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To John Adams from Joseph Ward, 1 January 1810

Boston January 1st. 1810


I had the honor to receive your Favour of the 15th of December, for which I beg leave to express my grateful acknowledgements. I never read any thing from your pen, without deriving information and pleasure. You have Sir, I believe drawn a correct map of Bonaparte’s power. I had some similar ideas, but you have measured things by a large scale, and marked the limits of nature. Napoleon, like all men, must stop somewhere; and I trust he cannot pass the bounds you have set him. Your calculations, are more satisfactory, than a thousand loose opinions, which float in the heads of modern politicians.

After reading the “flap sail” writers of the day, whose crowded columes are light as smoke, & clear as a fogg; I am refreshed by your sentimental lines.

While reading your Communicans in the Patriot, the Herculean labour you had to encounter in Holland, to arouse the torpid Dutchmen; when “dead, and you knew not when they would come to life;”—To counteract the English intriguers; and the subtle Vergennes;—I am reimpressed with the weight of the mighty task;—and the lines of Pope occur to my mind,

“When Ajax aim’d his mighty Bolt to throw,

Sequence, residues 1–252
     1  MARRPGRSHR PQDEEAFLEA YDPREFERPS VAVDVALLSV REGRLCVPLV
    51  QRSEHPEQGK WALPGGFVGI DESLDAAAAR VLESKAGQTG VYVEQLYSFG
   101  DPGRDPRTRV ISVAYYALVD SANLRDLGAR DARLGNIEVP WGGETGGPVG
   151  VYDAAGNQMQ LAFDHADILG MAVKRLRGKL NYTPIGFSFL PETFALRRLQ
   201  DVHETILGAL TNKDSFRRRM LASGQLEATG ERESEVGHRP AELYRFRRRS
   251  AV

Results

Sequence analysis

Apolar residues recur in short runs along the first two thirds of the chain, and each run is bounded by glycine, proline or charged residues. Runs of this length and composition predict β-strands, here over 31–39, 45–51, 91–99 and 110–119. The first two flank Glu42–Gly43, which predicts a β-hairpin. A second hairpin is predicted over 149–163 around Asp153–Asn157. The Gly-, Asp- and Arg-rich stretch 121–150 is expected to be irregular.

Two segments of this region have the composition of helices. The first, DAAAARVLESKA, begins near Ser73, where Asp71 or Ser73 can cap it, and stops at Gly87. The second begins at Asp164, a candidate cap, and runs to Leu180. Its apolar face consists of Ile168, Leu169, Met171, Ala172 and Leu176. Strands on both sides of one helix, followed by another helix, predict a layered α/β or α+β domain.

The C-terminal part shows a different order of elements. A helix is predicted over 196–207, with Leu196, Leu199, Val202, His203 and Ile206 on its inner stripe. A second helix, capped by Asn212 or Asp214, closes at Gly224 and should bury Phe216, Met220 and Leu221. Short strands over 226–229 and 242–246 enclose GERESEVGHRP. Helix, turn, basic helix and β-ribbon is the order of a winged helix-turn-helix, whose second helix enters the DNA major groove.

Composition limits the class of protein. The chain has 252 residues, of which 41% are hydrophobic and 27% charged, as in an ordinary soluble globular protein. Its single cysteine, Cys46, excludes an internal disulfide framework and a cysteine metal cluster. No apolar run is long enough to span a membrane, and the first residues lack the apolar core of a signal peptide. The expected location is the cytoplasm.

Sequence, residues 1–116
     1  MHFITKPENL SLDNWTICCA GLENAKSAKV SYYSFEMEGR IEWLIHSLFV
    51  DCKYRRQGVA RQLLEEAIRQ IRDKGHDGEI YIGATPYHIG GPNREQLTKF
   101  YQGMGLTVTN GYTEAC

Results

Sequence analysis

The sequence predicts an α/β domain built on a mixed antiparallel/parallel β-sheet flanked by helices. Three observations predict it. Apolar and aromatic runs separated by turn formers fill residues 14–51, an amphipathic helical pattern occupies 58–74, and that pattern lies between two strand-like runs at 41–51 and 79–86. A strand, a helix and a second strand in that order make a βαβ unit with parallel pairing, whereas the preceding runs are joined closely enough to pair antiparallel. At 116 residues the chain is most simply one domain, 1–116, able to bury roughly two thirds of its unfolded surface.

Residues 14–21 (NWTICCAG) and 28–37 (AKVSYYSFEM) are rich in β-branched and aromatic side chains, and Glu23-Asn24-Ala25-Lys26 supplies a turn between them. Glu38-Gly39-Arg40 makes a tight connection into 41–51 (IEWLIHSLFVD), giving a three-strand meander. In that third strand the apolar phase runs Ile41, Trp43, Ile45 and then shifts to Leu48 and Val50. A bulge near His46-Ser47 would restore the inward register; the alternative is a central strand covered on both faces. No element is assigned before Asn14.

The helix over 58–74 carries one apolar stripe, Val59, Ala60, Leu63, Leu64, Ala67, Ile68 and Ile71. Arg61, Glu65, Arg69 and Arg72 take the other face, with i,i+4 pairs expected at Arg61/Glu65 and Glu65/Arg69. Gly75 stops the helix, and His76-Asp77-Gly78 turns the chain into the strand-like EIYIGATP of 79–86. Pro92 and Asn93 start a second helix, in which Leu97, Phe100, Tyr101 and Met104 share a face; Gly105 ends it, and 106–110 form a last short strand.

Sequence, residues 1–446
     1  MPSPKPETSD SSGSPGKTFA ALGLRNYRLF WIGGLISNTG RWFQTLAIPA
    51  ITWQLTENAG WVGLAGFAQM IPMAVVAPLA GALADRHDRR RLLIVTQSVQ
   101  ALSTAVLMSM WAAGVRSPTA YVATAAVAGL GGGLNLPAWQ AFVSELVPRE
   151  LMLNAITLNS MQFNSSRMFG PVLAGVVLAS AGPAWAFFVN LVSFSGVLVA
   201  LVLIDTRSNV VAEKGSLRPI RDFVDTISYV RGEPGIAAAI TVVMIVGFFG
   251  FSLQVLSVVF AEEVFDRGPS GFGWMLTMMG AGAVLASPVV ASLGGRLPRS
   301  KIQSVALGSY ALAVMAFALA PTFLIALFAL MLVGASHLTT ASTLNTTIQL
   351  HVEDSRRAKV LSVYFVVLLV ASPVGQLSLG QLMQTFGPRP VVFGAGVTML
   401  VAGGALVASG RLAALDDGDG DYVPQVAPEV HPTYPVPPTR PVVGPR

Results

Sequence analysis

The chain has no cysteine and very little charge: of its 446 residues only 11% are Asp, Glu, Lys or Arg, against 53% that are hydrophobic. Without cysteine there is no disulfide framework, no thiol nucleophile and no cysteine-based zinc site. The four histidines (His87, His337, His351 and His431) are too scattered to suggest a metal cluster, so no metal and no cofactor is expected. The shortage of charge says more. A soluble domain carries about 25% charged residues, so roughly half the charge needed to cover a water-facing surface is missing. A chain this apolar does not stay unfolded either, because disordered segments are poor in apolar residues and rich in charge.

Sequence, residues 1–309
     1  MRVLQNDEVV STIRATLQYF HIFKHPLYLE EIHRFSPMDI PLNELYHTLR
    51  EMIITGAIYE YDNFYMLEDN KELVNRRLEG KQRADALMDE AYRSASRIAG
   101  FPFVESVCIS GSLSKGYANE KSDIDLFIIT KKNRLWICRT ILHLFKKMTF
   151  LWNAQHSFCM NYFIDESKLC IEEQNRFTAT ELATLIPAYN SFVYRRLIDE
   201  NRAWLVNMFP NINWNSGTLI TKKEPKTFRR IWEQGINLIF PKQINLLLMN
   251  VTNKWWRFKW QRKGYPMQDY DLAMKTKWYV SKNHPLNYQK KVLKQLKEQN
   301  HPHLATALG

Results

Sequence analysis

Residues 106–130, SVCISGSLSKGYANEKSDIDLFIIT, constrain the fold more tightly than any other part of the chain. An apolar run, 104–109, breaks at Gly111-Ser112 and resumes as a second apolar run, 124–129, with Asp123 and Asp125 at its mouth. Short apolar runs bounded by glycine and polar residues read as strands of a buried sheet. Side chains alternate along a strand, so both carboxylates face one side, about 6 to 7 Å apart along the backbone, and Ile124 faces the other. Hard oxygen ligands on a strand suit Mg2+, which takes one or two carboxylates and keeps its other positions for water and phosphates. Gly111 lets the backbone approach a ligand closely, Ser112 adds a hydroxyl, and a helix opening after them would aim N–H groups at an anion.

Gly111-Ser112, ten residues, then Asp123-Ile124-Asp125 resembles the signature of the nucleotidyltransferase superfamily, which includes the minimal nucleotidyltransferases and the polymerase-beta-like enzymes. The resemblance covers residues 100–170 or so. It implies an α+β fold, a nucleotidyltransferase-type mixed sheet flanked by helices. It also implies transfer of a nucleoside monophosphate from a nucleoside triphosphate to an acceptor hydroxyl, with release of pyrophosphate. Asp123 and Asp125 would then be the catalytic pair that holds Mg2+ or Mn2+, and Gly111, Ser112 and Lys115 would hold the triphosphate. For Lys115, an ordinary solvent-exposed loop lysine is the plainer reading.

“The line still labour’d and the wheels mov’d slow.”

Nothing but Revolutionary patience and energy, could have strung your nerves for the combat.

I hope your writings may have the effect to impress the Americans in all ages with just ideas of the cost of Independence—and hence be led to improve it by a display of that magnanimity by which it was acquired. If such lights, do not serve to guide our national pilots in their intercourse with foreign nations, they will be blind indeed.

In a letter I had the honor to receive from you some time since, you observed, that many of our writers “too nearly resembled the old Tories.” The resemblance is now as near the originals, as ever it was. A new subject has called forth all the British advocates; to the dishonor of our Nation. Our national concerns are extremely perplexed. And I fear that more wisdom may be wanted, than can be found, at this crisis. Now some of our old Statesmen, should be at the helm.—

Whilst I reprobate our Englified countrymen, for justifying all the measures of the British govt. and Mr Jackson’s, I have some doubts of the policy of our Govt. in refusing any further correspondence with the Minister, lest his nation might feel their pride (of which they overflow) wounded; and thence he induced to support with more unanimity a wrongheaded administration. As they have no sense of justice, nor much sound policy, if the spirit of the nation should rise in their favour, it is possible they may proceed to war with us for the sake of plunder. Their naval friends are extremely hungry, and the American commerce would be a feast for them. Unless there is a fortunate change in their ministers, I can see no ground of hope for any arrangement with our Govt. Some indiscretions in our Govt. and the opposition to it here, may encourage them to persevere in their aggressions. Our national situation appears to me very unpromising, and unpleasant. But we hope some good, may come out of the evils we feel and fear.

If Sir, your Navy System, had been pursued with wisdom, we should not have been despised, however we might have suffered.